What if I don't want to claim a capital loss?

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TheEternalVortex
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What if I don't want to claim a capital loss?

Post by TheEternalVortex »

I am planning on selling some of my taxable funds so I can put the money into my Roth for this year.

However, I expect to have very little taxable income and I'll probably be in the 10% tax bracket. So I gain very little by claiming the $1000 or so of loss I will have in the funds I will sell.

Is there any way I can get around doing that until some later time, when I have more income?
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LH2004
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Post by LH2004 »

Delay the sale until another year?

Construct a chain of wash sales -- keep buying it back within 30 days and re-selling immediately, and hope it stays in a loss position?
sport
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Re: What if I don't want to claim a capital loss?

Post by sport »

TheEternalVortex wrote:I am planning on selling some of my taxable funds so I can put the money into my Roth for this year.

However, I expect to have very little taxable income and I'll probably be in the 10% tax bracket. So I gain very little by claiming the $1000 or so of loss I will have in the funds I will sell.

Is there any way I can get around doing that until some later time, when I have more income?
You can delay the loss, if it still exists, until next year by making your 2008 Roth contribution between 1/1/09 and 4/15/09.
exeunt
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Post by exeunt »

You'll probably lose money if you hold off investing in your Roth for a full year.

Generating wash sales sounds like a huge waste of money.

I wouldn't worry too much about the tax consequences. Just invest.
Topic Author
TheEternalVortex
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Post by TheEternalVortex »

exeunt wrote:You'll probably lose money if you hold off investing in your Roth for a full year.

Generating wash sales sounds like a huge waste of money.

I wouldn't worry too much about the tax consequences. Just invest.
How will I lose money if I hold off investing for a full year? I'm already invested in the same thing in taxable--I just plan to move it to my Roth.
diasurfer
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off-topic

Post by diasurfer »

hi, I realize you posted this on a different thread, but you never responded and I thought you might want to clarify.
diasurfer wrote:
TheEternalVortex wrote:
It's mathematically impossible that adding an asset with lower (expected) returns will ever increase (expected) returns, regardless of their correlation. It may reduce volatility, however, particularly if they have low correlation.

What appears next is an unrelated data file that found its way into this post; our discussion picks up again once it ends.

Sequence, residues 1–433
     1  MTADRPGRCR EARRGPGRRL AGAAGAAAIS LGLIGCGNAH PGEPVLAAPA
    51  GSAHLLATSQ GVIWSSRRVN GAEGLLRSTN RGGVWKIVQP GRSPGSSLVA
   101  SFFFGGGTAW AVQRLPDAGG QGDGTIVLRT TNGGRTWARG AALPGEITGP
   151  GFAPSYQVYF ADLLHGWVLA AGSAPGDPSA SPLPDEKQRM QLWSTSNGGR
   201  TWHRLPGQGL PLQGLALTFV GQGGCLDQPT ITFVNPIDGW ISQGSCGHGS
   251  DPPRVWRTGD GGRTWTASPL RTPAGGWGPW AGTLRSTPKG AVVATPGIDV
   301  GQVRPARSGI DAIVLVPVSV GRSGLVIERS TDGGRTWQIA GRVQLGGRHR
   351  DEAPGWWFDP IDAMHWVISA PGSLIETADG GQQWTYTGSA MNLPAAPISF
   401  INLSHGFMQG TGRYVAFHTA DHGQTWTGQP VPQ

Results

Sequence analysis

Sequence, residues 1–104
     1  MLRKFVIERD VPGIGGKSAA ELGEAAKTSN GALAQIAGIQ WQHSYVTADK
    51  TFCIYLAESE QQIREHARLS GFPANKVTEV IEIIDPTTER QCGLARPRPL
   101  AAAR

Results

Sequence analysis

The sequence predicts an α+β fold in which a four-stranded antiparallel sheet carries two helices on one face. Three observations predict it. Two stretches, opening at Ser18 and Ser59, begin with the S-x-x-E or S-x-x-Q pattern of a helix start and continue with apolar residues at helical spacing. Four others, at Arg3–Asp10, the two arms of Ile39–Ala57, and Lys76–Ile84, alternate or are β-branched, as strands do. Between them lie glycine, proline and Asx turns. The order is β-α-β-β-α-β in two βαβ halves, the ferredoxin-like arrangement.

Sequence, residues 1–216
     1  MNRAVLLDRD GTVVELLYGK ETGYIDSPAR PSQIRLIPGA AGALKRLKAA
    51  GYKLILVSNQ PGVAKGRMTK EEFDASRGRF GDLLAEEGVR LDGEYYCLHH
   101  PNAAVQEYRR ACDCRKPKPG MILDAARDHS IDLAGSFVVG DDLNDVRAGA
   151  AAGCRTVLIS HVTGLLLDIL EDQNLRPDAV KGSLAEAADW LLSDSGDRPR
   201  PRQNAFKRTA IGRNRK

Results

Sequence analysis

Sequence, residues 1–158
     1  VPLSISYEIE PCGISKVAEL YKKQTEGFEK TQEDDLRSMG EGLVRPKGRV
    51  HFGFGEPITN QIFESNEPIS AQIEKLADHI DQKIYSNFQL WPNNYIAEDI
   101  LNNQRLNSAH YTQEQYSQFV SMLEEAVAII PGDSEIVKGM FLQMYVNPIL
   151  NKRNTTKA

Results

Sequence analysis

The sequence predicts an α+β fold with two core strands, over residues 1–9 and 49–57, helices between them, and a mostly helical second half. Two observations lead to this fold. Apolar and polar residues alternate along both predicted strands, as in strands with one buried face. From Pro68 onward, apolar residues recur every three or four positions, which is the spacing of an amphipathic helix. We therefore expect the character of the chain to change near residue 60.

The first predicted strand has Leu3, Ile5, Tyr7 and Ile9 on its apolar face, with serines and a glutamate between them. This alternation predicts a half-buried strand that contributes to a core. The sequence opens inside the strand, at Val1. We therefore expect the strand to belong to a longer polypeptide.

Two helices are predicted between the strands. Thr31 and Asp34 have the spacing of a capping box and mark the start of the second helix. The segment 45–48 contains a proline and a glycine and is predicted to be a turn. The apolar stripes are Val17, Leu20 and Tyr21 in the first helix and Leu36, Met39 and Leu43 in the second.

I'm surprised nobody else responded to this.

Can you point me to a mathematical proof? No question if you are talking about simple weighted averages. Duh. But that number is not what dictates returns. Not sure if you are arguing semantics with "(expected)".

Go to Russell's applet.

http://www.usna.edu/Users/math/rkjackso ... tier2.html

Period: 1972-2006. Commodities return 8%. US stocks return 11.24%.

$1 in 100% US stock portfolio grows to $41.61.

$1 in 95% US stock and 5% commodities portfolio grows to $42.58.

I think Larry Swedroe also gives an example using bonds in his "Only Guide" book.
Wagnerjb
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Re: What if I don't want to claim a capital loss?

Post by Wagnerjb »

TheEternalVortex wrote:I am planning on selling some of my taxable funds so I can put the money into my Roth for this year.

However, I expect to have very little taxable income and I'll probably be in the 10% tax bracket. So I gain very little by claiming the $1000 or so of loss I will have in the funds I will sell.

Is there any way I can get around doing that until some later time, when I have more income?
I agree that wasting a tax loss when your marginal tax rate is 10% isn't wise (if you can avoid it).

How about borrowing the money this year? Next year, sell the taxable funds and pay off the loan. If your tax rate is higher than 10% next year you may find the higher tax benefits more than offset the interest costs.

Best wishes.
Andy
Wagnerjb
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Post by Wagnerjb »

After thinking about it, I see an additional point.

If you borrow the money this year, be sure to invest in your Roth in a fixed income fund. Then, when you sell your taxable asset (I assume this is equities), you should shift from fixed income to equities in the Roth.

If you borrow money this year and put it into equities in your Roth, you will be overweight equities and will have inadvertently added leverage to your investing.

Best wishes.
Andy
rwwoods
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Post by rwwoods »

You will not waste or loose a capital loss. Up to $3000 in capital loss can be used to offset income in a given year with the balance carried forward to the next tax year. As long as you file a tax return each year, you can continue to carry forward any unused portion of a capital loss.
adam1712
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Post by adam1712 »

Another possibility I see is using money from a money market account if you have that. You move that money to a similar money market account inside a Roth IRA to maintain the same AA. Then if you do have an emergency, you'd have to sell your holdings at a loss and transfer the MM money in the Roth to your equity position. But hopefully, you can wait and capture the loss in later years.
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